Have you ever planned an event and only a couple of guests showed up? At least thirty of the forty invites RSVP’d. Logically, you planned for twenty, but only FIVE made it to your house. Buying the decorations and food, dry cleaning the right outfit, and the stress of making sure the house was clean are enough to send anyone over the edge, but you managed to get it done flawlessly. Ferguson reawakened America to an event that some have prepared for their entire lives—and the weight of preparation is carried by more than those who are ready.
Race relations in America have always occupied a unique space in history. Few other nations have championed its commitment to freedom from inception with such ferocity while building its foundations on the labor of men and women stripped of that same gift. The paradox often spurs attempts at shrinking the distance between what we believe and practice by acknowledging racial disparities or doubting their existence. Both act as powerful tools for making sense of prejudice—an event that leaves most feeling uneasy at best, but more often than not, uncertain about the future and unsafe in the present.
Threat is everywhere—at least for those looking for it. Imagine you were told your entire life to fear ice cream. Maybe your friends never said it directly, but the way they acted around strawberry sherbet and rocky road made it pretty clear ice cream can hurt you. The news hinted that this ice cream is a dangerous bunch. Family knew not to be coy and warned you to be careful when ice cream was around. Whether you are the ice cream or a hungry kid trying your best to avoid it, you start to make negative assumptions about ice cream.
Science spews evidence that biases and prejudice get in our heads, literally, and has consequences for both the ice cream and the hungry kid. The amygdala, a part of our brain responsible for perceiving threat and showing aggression, is highly active in people who show extreme prejudice. People on the receiving end of prejudice (ice cream) actually can start to believe the stereotypes being hurled their way. In a study that looked at Black children’s performance on a test, the child generally did significantly worse when reminded of the negative stereotype about Black people’s intelligence before the test than when simply instructed to take the test. In another study, people of all races were shown a picture of a person’s face followed by a brief picture of a tool. When asked what the object was people were more likely to say it was a gun when the tool was paired with a Black face.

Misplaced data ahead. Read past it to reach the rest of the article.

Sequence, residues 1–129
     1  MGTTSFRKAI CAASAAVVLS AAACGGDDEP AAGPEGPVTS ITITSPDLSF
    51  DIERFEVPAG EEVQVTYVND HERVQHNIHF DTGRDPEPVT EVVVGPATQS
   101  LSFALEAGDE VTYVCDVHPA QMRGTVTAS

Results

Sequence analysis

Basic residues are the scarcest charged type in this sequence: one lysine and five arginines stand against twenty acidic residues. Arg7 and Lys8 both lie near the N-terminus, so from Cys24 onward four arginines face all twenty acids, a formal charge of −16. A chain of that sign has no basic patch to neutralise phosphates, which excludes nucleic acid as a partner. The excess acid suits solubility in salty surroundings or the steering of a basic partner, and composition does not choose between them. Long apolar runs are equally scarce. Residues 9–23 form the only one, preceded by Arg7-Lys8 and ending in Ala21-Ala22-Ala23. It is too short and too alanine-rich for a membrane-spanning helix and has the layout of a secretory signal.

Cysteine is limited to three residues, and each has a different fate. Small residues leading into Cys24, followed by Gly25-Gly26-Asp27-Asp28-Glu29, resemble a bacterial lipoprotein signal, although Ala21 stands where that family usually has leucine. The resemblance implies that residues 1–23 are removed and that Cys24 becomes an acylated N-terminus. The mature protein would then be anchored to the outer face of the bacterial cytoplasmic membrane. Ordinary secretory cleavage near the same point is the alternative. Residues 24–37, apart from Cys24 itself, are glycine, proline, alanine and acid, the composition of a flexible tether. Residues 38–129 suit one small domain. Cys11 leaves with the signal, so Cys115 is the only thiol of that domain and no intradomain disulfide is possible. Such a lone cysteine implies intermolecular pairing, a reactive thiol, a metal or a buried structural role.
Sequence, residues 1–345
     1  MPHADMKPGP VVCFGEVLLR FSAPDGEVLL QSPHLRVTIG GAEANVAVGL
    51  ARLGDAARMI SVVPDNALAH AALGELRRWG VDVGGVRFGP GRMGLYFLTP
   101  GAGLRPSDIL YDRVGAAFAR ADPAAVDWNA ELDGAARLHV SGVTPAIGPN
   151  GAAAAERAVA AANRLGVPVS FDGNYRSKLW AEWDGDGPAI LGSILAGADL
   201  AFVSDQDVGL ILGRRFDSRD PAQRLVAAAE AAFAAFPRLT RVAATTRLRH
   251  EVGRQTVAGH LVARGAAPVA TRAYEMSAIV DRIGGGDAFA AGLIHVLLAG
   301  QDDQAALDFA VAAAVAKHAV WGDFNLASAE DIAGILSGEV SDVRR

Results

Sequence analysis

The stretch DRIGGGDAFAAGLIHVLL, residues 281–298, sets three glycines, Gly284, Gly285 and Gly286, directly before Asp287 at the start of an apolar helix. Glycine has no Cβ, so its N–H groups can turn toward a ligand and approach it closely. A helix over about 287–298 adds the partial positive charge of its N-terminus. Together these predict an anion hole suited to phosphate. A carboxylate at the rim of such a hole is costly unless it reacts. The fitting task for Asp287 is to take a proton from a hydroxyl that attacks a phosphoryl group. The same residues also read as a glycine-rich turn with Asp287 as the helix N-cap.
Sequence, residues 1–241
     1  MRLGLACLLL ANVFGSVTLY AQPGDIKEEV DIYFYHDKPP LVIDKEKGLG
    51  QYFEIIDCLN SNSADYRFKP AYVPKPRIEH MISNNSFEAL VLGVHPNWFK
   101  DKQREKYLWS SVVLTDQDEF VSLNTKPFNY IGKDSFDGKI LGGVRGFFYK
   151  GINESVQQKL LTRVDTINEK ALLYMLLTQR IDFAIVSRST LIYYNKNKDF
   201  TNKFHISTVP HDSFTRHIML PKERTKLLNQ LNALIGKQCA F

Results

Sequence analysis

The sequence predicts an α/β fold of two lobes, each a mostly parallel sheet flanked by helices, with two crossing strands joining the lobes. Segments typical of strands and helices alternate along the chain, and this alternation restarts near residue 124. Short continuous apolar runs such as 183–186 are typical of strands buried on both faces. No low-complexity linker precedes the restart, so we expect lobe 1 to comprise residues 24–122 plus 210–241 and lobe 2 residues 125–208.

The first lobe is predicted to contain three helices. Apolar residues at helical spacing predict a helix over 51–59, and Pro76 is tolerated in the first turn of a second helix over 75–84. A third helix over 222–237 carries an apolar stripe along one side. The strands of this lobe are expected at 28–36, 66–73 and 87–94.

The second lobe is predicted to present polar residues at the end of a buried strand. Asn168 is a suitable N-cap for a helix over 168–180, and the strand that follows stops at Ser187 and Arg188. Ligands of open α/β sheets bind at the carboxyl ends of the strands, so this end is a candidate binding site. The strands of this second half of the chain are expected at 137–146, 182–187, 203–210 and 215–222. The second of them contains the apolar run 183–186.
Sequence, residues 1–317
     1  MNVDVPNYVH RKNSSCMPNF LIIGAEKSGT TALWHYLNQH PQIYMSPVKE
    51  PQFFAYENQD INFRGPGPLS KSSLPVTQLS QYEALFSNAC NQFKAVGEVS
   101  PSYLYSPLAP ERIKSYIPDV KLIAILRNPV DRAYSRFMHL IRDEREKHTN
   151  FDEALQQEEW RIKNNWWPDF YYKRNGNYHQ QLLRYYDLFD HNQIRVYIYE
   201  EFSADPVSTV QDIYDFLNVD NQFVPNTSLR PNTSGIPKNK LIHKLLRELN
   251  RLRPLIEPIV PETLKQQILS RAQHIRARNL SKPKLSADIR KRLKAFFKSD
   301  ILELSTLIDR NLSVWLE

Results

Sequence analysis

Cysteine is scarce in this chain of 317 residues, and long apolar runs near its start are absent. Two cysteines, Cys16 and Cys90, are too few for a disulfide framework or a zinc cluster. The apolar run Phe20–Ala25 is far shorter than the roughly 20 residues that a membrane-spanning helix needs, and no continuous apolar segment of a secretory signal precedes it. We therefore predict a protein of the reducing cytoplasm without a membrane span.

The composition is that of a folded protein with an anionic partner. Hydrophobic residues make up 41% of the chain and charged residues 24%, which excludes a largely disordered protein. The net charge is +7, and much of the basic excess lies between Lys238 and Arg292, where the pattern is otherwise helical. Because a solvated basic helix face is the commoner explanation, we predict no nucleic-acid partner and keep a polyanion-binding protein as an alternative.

At a subconscious level, biases are always at work, but it’s during the event they transform into dangerous actions that can leave a person dead.
An Event + The Prepared = _____
An unarmed Black man killed by a White police officer. It’s a headline that grabs attention because prejudice is evident. A White police officer is accused of being racist. Did you think I was talking about something else? Probably because I am and I’m not. Prejudice doesn’t pick sides, we do. Our brains are naturally designed to work for our survival and wire itself to protect us from anything potentially threatening. Even though the brain’s capacity is boundless, the amount of information it can process at any one time has limits. If all of its resources are geared toward scanning for threats in the world, there’s little energy for much else—thus the burden.
The Burden Of Being Prepared: Understanding the Inner Workings of Prejudice was originally published on blackdoctor.org